Linear algebra is ubiquitous throughout the sciences, engineering, and mathematics. It is not uncommon for the deepest theory and hardest computations (both within mathematics and outside) to boil down to linear algebra. Thus, it is essential that future STEM researchers and educators become well-acquainted with the fundamental ideas and computations of this field.

Math 560 is CSU Math's QE (Qualifying Exam) course in linear algebra. This course will be a thorough introduction to the field, aimed more at theory than at computation. Math 561 (Numerical Linear Algebra) is aimed more at computational aspects of linear algebra and will be offered in the Spring. If you take both courses, you will emerge with a sound understanding of the algebra and geometry underlying linear algebra, along with the technical knowledge of what can (and can't) be accomplished with such computations.

As this is a QE course, there is a fixed list of topics that must be covered. You can find that list on page 8 of this document. I will be focusing primarily on training the Math grad students who need this course as a QE course. However, I welcome advanced undergrads (any field) and non-math grad students, as well. My expectations for non-QE students will be different than those for the QE students, as I'll go over on the first day of class.

There will be homework due most Fridays, from the material covered the previous Wednesday, Friday, and Monday (but not the most recent Wednesday). There will be one take-home midterm, and the qualifying exam (as the final exam).

All students (math or otherwise) who are NOT already qualified in Math MUST take the qualifier. For those currently seeking qualification, this is a no-brainer. For the rest of you, this is necessary in case you later choose to join CSU Math as a grad student. If you have concerns about this, please let me know.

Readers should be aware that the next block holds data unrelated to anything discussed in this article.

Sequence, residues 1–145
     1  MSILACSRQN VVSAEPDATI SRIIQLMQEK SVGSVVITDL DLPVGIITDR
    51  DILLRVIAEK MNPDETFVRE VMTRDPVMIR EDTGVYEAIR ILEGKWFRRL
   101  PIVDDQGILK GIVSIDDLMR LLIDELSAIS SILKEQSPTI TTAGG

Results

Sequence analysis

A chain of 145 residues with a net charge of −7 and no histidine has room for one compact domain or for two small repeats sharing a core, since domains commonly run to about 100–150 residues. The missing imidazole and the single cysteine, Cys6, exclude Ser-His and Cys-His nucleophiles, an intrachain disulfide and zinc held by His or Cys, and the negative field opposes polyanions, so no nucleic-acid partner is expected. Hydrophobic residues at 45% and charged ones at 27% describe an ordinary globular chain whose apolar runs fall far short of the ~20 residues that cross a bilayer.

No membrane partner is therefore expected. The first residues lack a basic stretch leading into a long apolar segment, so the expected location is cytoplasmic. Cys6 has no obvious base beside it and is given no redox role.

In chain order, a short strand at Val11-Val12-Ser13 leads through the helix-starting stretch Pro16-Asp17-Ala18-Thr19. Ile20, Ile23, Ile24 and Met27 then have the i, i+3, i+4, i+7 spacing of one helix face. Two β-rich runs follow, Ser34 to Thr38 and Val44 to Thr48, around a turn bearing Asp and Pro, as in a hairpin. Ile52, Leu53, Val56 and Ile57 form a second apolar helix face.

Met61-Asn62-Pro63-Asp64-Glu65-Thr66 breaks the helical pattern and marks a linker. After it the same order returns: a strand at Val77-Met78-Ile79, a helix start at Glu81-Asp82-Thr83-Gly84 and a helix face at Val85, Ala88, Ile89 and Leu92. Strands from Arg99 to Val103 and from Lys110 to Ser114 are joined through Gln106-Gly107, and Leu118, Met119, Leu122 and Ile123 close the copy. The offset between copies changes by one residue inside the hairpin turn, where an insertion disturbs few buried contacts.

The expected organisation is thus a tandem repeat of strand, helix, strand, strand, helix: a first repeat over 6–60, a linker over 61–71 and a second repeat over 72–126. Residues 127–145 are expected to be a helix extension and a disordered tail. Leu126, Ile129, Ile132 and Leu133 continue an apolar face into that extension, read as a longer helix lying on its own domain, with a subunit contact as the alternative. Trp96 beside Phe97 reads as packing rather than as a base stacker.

__ HW 1 (due Friday, 8/31)__: 1.1/1cd,2a,3b; 1.2/1 (think about justification, but don't write it), 8, 19 (justify!); 1.3/10, 12, 20, 28 (first proof only, but READ second proof statement; all notation needed for this problem can be found on page 22).

__ HW 2 (due Friday, 9/7)__: 1.4/3a,10,13; 1.5/2abc,8b,counterexample to 16 (which is false!), read (but don't write up) 9.

__ HW 3 (due Friday, 9/14)__: 1.6/2a, 4, 12, 16, 29a; 2.1/4, 9, 20, 28, read (don't do) both 14 and 40.

__ HW 4 (due Friday, 9/21)__: 2.2/2efg, 13, 14; 2.3/11, 12, 16a; 2.4/3, 4.

__ HW 5 (due Monday, 10/1)__: 2.4/17 (read 5,10); 2.5/3c, 4, 11, 13 (read 9); 2.6/6, 8 (read 17); 3.1/12 (just write down the algorithm; no formal proof needed); 3.2/2abcd, 3.

__ HW 6 (due Friday, 10/12)__: (read 3.2/18,19,21,22); 3.3/2c,3c,9,10; 4.2/4,23; 4.4/5,6; 5.1/3d,4c.

__ HW 7 (due Monday, 10/29)__: 5.1/8a (for matrices), 15b; 5.2/2ac, 8, 12 (read 18b and the note after it); 5.4/2de, 4, 12.

__ HW 8 (due Friday, 11/16)__: 5.4/19 (read 39,41); 6.1/3,4b,10 (read 24, 25); 6.2/2b,6,12 (read 15a,16a); 6.3/12a; 6.4/6a,7b (read 13); 6.5/17 (read 10,11,31); 6.6/3a (read 5,7).

__ HW 9 (due Friday, 12/7)__: 7.1/2c; 7.2/2,3abcd; 7.3/2d.